Of course, this is just the calm before the final storm, which begins with the torturous, writhing riffs and tumultuous, panic-inciting drums of “Aimless Roaming” – whose lunatic assault on the senses actually disguises a bleak undercurrent of brooding melodic menace woven into the febrile fabric of the track – and closes, in suitably turbulent fashion, with the howling fury and withering discordance of “Mvrk Diving”.


Having now fully nailed down the unforgiving and unpredictable nature of their core sound, Plebeian Grandstand decided to think even further outside of the box, employing a significant increase in sinister synths and esoteric electronic embellishments (something which eerie intro track “Mal du siècle” makes obvious immediately) in order to make it even more difficult to anyone to neatly categorise or define who/what they are.

That being said, False Highs, True Lows feels like even more of a Black Metal album than either of its predecessors – the relentless blasting, murderously snarling “Low Empire” especially – without, necessarily sacrificing any of the twisted skein of Sludge, Grind, and Hardcore influences which have always been such an important part of the band’s DNA.

The caustic cascade of blastbeats and needle-sharp notes of dissonance which inundates your ears during “Tributes and Oblivions”, for example, carries echoes of Krallice or Imperial Triumphant, while also showcasing an even more raw and rampantly emotional vocal performance from chief screamer Adrien Broué, after which the grisly, growling bass-lines and prowling, menacingly melodic guitar work of “Volition” finds the band experimenting even further with simmering tension and shivering atmosphere… right up to the point where it all explodes into a veritable orgy of visceral screams and volatile blastbeats.

The discordant cacophony of the album is then further broken up by the throbbing, pseudo-industrial pulse of “Mineral Tears”, before the rabid fury and relentless intensity of “Oculi Lac” – arguably the purest, or at least most easily recognisable, “Black Metal” track on the entire album – once more boosts the album’s energy and aggression levels to a truly dangerous degree.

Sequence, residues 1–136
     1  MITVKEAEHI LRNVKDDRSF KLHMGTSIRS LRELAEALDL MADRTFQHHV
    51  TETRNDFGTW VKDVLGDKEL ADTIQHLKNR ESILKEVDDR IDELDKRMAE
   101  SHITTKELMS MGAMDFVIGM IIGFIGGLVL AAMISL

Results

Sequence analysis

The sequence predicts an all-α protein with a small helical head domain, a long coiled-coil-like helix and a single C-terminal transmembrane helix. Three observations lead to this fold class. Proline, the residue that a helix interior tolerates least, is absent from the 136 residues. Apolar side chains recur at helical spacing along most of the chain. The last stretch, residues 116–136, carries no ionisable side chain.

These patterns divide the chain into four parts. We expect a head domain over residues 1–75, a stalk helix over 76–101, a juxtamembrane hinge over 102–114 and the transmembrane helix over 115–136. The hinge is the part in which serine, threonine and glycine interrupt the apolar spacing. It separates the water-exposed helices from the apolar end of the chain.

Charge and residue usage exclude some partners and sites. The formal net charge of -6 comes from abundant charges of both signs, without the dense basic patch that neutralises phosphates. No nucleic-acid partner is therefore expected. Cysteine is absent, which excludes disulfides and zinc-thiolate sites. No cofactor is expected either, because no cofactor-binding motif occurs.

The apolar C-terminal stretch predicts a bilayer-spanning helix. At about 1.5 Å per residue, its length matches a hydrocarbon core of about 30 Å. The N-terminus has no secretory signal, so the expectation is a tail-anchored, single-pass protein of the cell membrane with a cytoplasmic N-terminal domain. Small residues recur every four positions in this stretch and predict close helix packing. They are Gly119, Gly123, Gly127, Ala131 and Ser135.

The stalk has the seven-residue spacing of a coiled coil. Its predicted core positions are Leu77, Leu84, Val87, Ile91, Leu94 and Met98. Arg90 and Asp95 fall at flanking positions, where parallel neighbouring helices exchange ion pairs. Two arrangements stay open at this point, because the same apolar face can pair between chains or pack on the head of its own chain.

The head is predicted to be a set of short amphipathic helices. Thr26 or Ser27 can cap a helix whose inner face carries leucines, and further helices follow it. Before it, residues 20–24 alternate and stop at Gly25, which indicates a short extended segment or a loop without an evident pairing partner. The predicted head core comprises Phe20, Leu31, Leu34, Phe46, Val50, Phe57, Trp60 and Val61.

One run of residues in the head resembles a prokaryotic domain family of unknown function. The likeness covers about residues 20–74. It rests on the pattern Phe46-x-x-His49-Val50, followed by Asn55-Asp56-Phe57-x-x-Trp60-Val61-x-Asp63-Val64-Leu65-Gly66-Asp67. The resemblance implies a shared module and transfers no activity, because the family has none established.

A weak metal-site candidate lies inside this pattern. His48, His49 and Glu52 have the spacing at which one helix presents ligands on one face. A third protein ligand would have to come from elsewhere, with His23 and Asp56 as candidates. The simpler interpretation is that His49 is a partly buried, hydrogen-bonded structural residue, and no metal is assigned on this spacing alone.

The penultimate morass of sludgy, slow-burning atmosphere that is “Tame the Shapes” then provides one last moment of reflection (and one last chance to escape) before the utterly caustic auditory acid-bath of “Eros Culture” – four minutes and forty-two seconds of spine-scraping guitars, throat-ruining vocals, and bone-rattling drums, all soaked in a truly malevolent ambient aura – brings things to a chaotic and catastrophic close.


With the release of their fourth album the band took what was arguably the biggest and boldest step forward of their career, pushing the abrasive electronic noise aspect of their sound even more towards the forefront (aided and abetted by the addition of long-time collaborator Amaury Sauvé as a permanent member of the group).

Opener “Masse critique” is the first example of this, all squalling, digital noise and spasming, seizure-causing drums, and it’s not until the album’s second track, “À droite du démiurge, à gauche du néant”, where anything more reminiscent of the band’s previous works actually appears.

Even here though, amidst all the swarming dissonance and howling anguish, there’s an undertow of artificially-inseminated, necromechanical nastiness reminiscent of Godflesh at their grimmest, and the combination of these elements produces something which can only be described as Blackened Industrial Sludge-Noise – something which most definitely isn’t for the faint of heart.

The grisly gabba-grind of “Tropisme” doesn’t so much offer a break in the madness as it does set you off spinning in a totally different, but equally disturbing, direction, after which the scything guitars, stunning drum work, and borderline sadistic intensity of “Part maudite” successfully fuses the digital and the physical, the organic and the mechanical, into an auditory abomination of monstrous proportions.

The abusive intensity and vertiginous velocity of “Angle mort” sits somewhere between the twisted technicality of early Drottnar and the gnarly, grind-infused nihilism of Anaal Nathrakh – all combined with that corrosively off-kilter edge which characterises the best of the French Black Metal scene – while the sinister slow-burn of “Espoir, nuit, naufrage” manages to be just as unsettling and uncomfortable (there’s something just not quite right about all the eerie, echoing applause) without ever raising above an ominous, prowling pace.

“Nous en sommes là” is the sort of haunting electro-industrial horror story which The Axis of Perdition used to specialise in, all whispered words and strobing soundscapes, after which the epilepsy-inducing extremity of “Rien n’y fait” sounds like what I can only imagine Imperial Triumphant would have become if they were less influenced by Ornette Coleman and more by Justin Broadrick.

Climaxing with the brutal blend of charred Black Metal, chattering electronica, and churning Sludge that is “Jouis, camarade” and the disturbing, doom-laden dissonance of “Aube”, Rien ne suffit once more proves itself to be (almost) beyond classification.

It’s the sort of album you really have to hear for yourself, in all its terrifying totality, to fully appreciate. But, once you do, you may never look at the band, or at music in general, quite the same way again.


  1. Great write up for a great band. I’ve slept on them for way too long. Rien ne suffit, of all things, finally got me into them

  2. Oh, sweet mama, this is great music journalism !
    What a band.
    Heavier than regulation !